The government of Ghana has cut sod to mark the commencement of construction of a $6 million watermelon processing factory in Walewale in the North East Region.

Vice President Mahamudu Bawumia performed the sod-cutting ceremony and said the project was part of President Akufo-Addo’s efforts to reduce rural-urban migration and revitalise the country’s industrial base.

Improving Economic Wellbeing

The factory project is under the One-District, One-Factory initiative. It is being funded by the Exim Bank and scheduled for completion by the end of 2020. It is expected to create more than 300 direct employment and provide a ready market for between 2,000 and 3,000 peasant farmers.

‘The President pledged before Ghanaians his commitment to pursuing an aggressive industrialisation and value addition to agricultural produce through the flagship 1D1F programme,’ said Dr Mahamudu Bawumia.

The factory upon completion is also projected to eliminate the yearly post-harvest losses by watermelon farmers, especially, in the Walewale enclave and its surrounding communities. This will in return improve the economic wellbeing of the people.

‘The fear of post-harvest losses would be a thing of the past and encouraged farmers to explore all-year-round farming in order to regularly feed the watermelon factory,’ said the vice president.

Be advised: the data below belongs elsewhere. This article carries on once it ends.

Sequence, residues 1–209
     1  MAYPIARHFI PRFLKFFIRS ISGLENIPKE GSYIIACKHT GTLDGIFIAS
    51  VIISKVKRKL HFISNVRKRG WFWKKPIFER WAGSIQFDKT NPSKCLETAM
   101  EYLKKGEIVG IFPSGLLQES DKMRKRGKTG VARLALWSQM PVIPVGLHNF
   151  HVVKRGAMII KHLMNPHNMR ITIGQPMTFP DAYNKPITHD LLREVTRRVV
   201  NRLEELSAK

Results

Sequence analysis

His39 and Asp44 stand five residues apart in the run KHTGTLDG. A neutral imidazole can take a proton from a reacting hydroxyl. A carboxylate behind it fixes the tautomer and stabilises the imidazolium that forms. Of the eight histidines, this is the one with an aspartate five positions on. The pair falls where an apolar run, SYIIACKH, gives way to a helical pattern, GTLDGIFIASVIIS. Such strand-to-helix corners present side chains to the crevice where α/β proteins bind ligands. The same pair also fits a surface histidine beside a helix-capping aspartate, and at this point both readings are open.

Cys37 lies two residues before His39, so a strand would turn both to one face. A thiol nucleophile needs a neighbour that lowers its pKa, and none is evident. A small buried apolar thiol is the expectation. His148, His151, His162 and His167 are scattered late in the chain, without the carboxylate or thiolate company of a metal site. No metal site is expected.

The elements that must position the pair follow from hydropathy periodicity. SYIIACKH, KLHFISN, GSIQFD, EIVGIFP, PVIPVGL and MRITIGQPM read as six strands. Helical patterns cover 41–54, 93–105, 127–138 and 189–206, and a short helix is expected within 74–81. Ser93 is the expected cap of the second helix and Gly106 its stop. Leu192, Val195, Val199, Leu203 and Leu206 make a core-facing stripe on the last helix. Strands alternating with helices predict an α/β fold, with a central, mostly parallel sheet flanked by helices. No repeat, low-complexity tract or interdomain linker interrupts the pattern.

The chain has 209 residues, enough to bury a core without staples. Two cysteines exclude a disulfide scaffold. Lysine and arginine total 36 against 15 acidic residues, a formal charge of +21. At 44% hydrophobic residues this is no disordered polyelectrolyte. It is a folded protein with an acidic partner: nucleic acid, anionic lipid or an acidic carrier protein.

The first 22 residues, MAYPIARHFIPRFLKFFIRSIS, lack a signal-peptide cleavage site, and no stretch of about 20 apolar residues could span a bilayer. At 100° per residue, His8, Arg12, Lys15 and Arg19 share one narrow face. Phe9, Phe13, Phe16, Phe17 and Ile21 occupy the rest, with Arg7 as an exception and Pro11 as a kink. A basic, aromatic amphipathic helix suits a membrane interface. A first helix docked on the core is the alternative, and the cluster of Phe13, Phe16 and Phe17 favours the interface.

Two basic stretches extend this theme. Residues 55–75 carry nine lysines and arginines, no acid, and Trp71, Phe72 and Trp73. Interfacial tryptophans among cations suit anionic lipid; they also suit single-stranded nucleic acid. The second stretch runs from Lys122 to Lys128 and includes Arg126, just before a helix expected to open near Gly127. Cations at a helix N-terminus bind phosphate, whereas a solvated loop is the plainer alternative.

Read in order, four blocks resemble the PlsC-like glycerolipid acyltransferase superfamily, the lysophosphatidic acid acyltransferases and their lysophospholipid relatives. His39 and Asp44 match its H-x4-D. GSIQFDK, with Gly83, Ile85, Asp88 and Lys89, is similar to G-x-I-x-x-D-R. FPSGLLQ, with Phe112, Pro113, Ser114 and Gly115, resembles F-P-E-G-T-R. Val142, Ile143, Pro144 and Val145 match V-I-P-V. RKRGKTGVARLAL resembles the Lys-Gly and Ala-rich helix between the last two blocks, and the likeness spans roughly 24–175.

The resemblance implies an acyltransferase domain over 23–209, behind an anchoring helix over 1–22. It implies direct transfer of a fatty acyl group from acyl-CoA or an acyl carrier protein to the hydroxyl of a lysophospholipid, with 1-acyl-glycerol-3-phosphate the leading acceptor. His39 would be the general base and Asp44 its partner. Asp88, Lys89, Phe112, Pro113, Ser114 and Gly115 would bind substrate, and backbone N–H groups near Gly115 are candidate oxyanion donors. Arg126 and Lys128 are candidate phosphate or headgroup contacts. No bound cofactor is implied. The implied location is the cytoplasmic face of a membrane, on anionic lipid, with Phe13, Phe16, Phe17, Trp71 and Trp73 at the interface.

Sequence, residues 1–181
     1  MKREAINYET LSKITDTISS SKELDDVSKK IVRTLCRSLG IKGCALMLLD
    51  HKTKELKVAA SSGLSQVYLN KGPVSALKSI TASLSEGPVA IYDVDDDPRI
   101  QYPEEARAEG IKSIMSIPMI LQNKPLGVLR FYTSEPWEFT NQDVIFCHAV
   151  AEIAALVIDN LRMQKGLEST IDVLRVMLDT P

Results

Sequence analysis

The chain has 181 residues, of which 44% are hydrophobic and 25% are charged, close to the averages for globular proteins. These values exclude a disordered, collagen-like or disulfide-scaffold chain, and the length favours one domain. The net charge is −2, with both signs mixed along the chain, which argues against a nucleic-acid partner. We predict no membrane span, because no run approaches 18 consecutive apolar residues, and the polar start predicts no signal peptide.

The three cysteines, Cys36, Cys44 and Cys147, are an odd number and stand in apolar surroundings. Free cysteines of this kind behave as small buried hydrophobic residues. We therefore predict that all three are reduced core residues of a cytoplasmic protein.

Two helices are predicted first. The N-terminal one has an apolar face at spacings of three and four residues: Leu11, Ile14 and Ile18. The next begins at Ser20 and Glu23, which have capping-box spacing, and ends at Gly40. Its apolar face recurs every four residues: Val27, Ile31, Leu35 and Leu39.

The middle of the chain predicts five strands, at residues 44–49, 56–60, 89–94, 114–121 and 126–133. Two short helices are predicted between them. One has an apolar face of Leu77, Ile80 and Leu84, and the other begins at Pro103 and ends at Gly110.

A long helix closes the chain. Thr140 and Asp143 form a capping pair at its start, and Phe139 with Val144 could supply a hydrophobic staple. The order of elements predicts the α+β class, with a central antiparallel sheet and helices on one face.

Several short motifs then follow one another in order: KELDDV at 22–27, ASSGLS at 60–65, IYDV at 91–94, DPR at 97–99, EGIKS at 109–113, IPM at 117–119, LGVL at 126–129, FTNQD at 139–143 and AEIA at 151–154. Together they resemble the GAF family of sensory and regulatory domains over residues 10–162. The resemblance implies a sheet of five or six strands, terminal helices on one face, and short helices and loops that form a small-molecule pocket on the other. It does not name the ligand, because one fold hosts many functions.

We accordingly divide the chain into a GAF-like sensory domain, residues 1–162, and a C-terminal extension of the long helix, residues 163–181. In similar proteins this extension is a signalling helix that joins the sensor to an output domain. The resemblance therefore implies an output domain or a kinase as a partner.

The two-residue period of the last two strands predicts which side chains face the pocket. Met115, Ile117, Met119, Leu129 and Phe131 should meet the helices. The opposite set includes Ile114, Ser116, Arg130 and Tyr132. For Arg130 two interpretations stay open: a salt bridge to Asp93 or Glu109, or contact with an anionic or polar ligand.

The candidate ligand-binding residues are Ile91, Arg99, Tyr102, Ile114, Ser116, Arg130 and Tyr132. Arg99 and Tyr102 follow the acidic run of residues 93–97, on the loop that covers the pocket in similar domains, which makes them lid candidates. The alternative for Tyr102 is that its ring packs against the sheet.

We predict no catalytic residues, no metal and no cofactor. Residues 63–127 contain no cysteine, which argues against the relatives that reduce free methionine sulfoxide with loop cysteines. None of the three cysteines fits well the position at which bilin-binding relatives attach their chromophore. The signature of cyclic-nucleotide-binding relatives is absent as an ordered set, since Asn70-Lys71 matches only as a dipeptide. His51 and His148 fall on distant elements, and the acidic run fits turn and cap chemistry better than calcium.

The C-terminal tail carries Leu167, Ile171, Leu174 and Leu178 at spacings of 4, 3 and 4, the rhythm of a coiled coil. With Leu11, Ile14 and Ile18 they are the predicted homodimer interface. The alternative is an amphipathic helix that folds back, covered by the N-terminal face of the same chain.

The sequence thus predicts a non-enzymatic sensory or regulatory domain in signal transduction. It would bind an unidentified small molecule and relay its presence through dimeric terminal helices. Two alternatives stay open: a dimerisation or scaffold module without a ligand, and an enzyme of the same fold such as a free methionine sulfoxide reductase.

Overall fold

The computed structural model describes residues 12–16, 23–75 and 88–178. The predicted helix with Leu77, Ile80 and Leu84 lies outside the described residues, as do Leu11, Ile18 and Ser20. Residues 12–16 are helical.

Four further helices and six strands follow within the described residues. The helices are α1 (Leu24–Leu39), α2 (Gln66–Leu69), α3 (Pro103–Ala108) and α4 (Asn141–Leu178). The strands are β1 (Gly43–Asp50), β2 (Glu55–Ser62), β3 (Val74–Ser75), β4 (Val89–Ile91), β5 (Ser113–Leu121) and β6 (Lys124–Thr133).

One district one factory initiative

The one district one factory initiative, which is also part of the ‘Creating and Capturing Value’ (Capval), project was launched in 2015 by the International Water Management Institute (IWMI) and Jekora Ventures Limited with support from the Netherlands Enterprise Agency.

The ‘One-District-One-Factory’ programme is aimed at establishing, at least, one factory or enterprise in each of the 216 districts of Ghana as a means of creating economic growth poles that would accelerate the development of those areas and create jobs for the teeming youth.

The policy aims to transform the structure of the economy from one dependent on production and export of raw materials to a value-added industrialised economy, driven primarily by the private sector. Already about 181 factories are at various stages of completion with some 58 of them already completed.

Credit: A.B

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